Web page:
“This record is very colorful,” he told PEOPLE during the band’s concert live stream at YouTube Space in Los Angeles on Tuesday to promote their new album Evolve and upcoming tour. “Lyrically, I was in a really healthy headspace writing it, and then sonically we wrote from a more minimalistic approach.”
“I think this record was written after we had taken our first break as a band,” he continues. “I think that’s significant because during that year off we were really able to connect with real life again — to go home, be with friends and family, and do the things we used to do before the band kind of took us off in the world. We were grateful for [it], but it was really healthy for us to go home for a little bit, especially for me; mentally, I needed it.”
Reynolds describes Evolve, which is now available for pre-order from all participating digital retailers and due out June 23, as “an evolution of sound” for he and his band mates, electric guitarist Daniel Wayne Sermon, drummer Daniel Platzman and bass guitarist Ben McKee.
“It’s a step forward in that we peel back a lot of layers and are much more minimalistic,” he says, comparing the lyrical content to their 2015 album, Smoke and Mirrors, which was “a very dark, introverted record.”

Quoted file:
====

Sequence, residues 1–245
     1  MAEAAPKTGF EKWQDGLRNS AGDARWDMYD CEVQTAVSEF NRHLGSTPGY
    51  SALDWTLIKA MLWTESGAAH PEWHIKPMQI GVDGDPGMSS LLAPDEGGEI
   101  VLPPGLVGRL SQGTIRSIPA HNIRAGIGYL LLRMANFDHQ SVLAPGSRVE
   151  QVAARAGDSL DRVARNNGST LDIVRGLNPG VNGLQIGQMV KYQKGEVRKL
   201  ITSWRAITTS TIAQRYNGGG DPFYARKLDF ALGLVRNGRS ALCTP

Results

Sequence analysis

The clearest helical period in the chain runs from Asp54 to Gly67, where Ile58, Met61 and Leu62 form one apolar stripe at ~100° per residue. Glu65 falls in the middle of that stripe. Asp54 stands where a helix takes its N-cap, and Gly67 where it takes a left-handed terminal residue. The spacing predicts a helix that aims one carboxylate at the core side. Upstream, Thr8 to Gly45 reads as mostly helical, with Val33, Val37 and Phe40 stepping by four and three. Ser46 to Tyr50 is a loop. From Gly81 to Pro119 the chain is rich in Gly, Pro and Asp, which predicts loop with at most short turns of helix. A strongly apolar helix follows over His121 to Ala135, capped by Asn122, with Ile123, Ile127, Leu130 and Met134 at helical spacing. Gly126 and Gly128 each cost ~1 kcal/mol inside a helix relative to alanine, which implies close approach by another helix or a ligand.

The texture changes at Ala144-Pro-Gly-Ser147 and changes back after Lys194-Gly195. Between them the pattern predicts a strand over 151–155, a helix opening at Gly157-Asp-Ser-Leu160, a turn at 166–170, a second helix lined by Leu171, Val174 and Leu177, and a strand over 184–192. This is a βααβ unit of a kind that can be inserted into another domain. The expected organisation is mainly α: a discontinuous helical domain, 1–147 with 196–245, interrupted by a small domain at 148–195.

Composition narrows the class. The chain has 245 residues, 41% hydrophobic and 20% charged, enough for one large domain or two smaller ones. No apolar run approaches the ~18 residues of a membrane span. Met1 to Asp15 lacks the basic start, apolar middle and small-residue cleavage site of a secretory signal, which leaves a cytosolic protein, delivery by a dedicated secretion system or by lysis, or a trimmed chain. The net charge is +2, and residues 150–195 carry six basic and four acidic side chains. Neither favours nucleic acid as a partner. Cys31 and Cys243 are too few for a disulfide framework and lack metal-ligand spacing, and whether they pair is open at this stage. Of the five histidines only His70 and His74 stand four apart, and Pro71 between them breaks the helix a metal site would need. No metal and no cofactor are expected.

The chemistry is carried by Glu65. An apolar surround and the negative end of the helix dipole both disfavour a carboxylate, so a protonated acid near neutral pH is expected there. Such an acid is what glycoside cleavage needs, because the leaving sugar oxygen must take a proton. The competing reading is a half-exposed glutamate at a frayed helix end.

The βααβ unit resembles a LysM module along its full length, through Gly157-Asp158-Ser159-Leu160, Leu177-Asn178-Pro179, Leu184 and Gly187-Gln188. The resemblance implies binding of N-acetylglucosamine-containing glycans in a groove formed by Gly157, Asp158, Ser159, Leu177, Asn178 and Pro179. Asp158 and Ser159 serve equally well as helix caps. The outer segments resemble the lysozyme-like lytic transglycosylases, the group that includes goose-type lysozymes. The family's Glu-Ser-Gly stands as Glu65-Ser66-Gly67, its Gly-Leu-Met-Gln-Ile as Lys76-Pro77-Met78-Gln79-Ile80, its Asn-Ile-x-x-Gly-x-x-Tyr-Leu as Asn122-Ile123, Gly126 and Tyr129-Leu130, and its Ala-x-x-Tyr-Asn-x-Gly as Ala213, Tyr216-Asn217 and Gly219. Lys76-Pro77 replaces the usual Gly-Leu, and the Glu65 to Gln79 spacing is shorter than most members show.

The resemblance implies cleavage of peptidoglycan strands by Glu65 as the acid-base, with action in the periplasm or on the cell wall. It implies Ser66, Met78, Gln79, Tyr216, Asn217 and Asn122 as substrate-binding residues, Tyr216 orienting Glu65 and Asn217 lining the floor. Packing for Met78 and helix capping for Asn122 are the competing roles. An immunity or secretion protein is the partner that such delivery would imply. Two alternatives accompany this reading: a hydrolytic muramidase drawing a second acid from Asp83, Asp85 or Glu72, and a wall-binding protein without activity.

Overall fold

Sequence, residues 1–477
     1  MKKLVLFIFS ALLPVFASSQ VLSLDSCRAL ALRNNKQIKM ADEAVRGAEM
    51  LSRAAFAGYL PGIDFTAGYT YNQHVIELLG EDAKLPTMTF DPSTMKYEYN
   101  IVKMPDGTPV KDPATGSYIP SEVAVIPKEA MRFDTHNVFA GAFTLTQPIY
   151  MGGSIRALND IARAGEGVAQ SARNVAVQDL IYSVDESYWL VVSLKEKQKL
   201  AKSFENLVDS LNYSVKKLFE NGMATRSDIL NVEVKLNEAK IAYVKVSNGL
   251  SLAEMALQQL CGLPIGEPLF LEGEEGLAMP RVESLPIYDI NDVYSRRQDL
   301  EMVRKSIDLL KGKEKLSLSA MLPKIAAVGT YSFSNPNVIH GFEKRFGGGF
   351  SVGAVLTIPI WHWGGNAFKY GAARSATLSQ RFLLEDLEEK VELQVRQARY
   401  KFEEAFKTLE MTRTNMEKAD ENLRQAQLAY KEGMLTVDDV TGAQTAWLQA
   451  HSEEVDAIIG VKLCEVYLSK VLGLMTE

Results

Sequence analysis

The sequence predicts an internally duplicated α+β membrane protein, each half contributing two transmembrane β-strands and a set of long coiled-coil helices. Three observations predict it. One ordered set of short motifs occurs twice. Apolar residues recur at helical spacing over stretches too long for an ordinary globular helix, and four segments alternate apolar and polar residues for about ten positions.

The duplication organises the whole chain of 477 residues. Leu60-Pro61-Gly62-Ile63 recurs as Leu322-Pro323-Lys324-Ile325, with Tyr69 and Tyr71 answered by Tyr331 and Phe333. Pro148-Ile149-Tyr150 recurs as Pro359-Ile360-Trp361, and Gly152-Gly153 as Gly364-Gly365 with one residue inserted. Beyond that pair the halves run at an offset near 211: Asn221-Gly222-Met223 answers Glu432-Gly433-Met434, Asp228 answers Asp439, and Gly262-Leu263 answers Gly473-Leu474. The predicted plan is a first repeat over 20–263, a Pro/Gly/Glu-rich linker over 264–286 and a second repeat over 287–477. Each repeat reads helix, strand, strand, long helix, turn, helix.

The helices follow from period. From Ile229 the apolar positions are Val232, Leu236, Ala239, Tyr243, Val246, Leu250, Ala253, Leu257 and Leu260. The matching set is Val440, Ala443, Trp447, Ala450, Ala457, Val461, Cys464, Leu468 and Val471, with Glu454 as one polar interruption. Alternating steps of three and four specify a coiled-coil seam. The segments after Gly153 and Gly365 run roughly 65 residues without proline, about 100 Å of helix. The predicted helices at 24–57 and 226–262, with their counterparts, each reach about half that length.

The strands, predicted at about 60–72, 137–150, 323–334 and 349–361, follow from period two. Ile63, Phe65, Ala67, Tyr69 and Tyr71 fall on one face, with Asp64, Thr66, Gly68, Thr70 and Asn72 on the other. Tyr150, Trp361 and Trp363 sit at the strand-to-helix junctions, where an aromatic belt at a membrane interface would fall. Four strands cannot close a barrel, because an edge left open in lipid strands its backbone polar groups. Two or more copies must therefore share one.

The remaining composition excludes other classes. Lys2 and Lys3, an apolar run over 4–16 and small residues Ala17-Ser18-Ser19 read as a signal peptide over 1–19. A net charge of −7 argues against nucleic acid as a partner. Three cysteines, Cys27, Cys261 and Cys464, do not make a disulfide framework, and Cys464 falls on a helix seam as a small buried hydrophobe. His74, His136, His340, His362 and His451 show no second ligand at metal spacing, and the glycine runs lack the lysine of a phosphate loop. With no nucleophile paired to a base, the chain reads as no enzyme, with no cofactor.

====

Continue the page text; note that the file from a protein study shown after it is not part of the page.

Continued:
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“All of it was looking in and this record was looking out and seeing the color and the beauty of the world, and then encapsulating it,” he continues. “It was an evolution for the band, so we knew Evolve was a good title.”
The Evolve Tour kicks off this fall, beginning September 26 in Phoenix, Arizona.
Aside from sharing his story with PEOPLE in November about battling Ankylosing spondylitis—often referenced as AS, which is a chronic inflammatory condition of the joints that can lead to extreme pain and in the worst cases, spinal fusion—Reynolds’ strong support system, including his band mates and his wife Aja Volkman, have been there to lift him out of a very “depressed” time in his life.
In fact, their first single, “Believer,” which instantly became a fan favorite and spent six consecutive weeks at number one at Alternative Radio, “looks back upon those years, which, for me, that record cycle was a really hard, dark cycle for me,” he says.
“I was really depressed and now I’m in this great headspace and colorful space,” Reynolds adds about the lively track, which he previously stated reflected on “specific things in my life that were painful, whether it was anxiety and dealing with crowds, feeling overwhelmed by that or the success of the band, disease, going through depression—anything that was a source of pain in my life.”
He continues about the meaning behind the track, “And just rising above that, finding a place of perspective where I could be appreciative of the pain in my life and make it my greatest strength.”